What Needs to Change Allow companies to have ICFR systems that are less expensive than zero material defect systems. Require, via specific PCAOB auditing standards, that auditors adjust their work to fully compensate for control deficiencies identified by management and, in cases where management’s ICFR assessment work was not rated as fully reliable, their own supplemental ICFR analysis. Auditors should publicly report on the reliability of management’s ICFR assessment process (see Issue 4). We believe that the primary goal of management’s assessment of ICFR should be to clearly identify and candidly report areas of significant residual risk (using robust quality management systems) to the company’s audit committee and external auditors. Using this type of approach external auditors audit and report on the reliability of the risk and control assessment process maintained by management. Auditors are required to modify the scope and extent of their substantive audit work to compensate for any areas of residual risk currently being accepted by the company’s management and audit committee. Any errors identified in the draft financial statements by the company’s auditors must be corrected by management prior to filing the accounts with the SEC. The frequency and magnitude of auditor detected errors in drafts prepared by management should be an important input to auditor opinions on the reliability of management’s ICFR assessment process. A Glass & Lewis research study published in June 2005 provided clear evidence that literally hundreds of U.S. public companies claimed to have fully effective disclosure and ICFR systems right up to the point in time auditors had to provide an opinion on the reliability of their assessment work. At that point in time management, under the zero material defect rule, had to acknowledge material ICFR deficiencies existed. Good regulation should result in providing positive incentives to management to be candid and proactive in identifying issues in the financial statement drafting process.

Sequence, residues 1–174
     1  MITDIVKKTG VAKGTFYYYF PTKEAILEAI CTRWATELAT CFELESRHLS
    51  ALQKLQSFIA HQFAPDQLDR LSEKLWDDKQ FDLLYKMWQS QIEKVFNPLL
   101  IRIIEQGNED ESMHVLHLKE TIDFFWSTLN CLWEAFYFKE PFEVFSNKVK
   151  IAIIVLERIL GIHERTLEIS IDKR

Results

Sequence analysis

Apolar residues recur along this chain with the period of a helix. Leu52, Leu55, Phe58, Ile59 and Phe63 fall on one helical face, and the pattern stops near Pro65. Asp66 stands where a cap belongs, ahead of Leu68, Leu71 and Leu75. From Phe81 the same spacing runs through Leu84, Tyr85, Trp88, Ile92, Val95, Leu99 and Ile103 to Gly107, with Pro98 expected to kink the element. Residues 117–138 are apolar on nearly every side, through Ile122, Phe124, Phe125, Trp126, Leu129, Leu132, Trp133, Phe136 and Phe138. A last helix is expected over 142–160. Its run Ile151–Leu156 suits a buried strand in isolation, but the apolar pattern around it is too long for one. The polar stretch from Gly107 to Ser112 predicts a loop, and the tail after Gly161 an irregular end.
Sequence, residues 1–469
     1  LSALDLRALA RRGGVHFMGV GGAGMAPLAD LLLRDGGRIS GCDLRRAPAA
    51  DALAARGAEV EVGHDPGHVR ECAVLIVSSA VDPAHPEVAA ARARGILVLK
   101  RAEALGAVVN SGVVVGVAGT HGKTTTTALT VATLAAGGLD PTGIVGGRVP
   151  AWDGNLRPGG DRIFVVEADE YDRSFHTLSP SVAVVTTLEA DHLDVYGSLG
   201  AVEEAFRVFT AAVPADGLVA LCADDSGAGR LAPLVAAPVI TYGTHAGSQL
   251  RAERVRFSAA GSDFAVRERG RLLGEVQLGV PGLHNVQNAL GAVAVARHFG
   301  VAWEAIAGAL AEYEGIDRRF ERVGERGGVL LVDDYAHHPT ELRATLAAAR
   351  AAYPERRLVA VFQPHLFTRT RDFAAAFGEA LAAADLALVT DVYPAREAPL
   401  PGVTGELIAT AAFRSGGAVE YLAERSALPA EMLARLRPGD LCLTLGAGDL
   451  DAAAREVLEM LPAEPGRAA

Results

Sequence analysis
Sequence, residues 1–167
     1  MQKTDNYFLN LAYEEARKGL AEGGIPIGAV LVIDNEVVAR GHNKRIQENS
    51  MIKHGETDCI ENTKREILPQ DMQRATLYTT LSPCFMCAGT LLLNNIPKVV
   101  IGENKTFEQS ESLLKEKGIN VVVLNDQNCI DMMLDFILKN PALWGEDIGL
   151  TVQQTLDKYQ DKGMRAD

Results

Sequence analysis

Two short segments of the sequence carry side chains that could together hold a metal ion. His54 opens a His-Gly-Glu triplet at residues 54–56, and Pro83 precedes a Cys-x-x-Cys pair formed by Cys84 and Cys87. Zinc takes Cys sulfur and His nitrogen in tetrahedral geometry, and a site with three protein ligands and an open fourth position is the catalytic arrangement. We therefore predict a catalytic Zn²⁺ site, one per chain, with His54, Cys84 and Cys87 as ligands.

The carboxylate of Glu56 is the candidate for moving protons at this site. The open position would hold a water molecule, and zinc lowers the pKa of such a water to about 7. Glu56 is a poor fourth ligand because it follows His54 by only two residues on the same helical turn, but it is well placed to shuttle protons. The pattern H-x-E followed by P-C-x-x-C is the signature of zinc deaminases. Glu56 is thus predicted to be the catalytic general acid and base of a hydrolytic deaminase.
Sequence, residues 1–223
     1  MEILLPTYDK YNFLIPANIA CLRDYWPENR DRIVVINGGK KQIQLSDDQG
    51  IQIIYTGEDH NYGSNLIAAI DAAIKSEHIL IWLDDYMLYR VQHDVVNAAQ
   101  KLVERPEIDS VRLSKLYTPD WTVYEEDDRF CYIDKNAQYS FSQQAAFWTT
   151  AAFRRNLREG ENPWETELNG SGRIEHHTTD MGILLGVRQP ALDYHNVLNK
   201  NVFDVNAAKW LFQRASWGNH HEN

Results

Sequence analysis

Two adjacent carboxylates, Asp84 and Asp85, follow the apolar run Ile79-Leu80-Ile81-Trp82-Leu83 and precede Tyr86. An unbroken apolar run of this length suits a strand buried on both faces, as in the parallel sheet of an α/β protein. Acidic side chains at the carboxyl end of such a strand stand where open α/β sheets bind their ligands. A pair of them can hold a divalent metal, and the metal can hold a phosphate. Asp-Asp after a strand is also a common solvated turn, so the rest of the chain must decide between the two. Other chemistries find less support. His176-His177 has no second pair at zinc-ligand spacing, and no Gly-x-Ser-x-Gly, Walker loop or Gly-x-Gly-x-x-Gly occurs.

Issue #4/Impact Misapplication of what we believe was Congress’ intent in Section 404 (b), resulting in external auditors duplicating management’s accountability for controls testing and assessment. Section 404 (b) of the Act states: “With respect to the internal control assessment required by subsection (a), each registered public accounting firm that prepares or issues the audit report for the issuer shall attest to, and report on, the assessment made by the management of the issuer …”. We do not believe that it was the intent of Congress to require that a company’s auditor provide their own subjective view on whether control is or is not “effective”. IMA research and other studies demonstrate that current ICFR standards and frameworks are not mature enough to produce repeatable conclusions on controls effectiveness. In other words, we do not believe that any framework is “fit for purpose” in terms of the SEC’s four suitability criteria which include repeatability, sufficiently complete, free from bias and relevance. Revenue generation opportunities combined with a litigious environment provide tangible incentives for auditors to “raise the control bar”. While this is a contentious issue, we fully support what we believe is the true intent of 404 (b) – an independent report on whether management is taking the responsibility assigned in section 404 (a) seriously and conscientiously. There is growing support for IMA’s stance on this issue: 1. Global regulatory regimes that have carefully studied the U.S. SOX regime and chosen not to include the audit opinion on effectiveness (e.g., Japan, Canada and the U.K.), 2. The public position taken on the issue by the Institute of Internal Auditors, and 3. The comment letter from The Alamo Group, a $400M accelerated filer.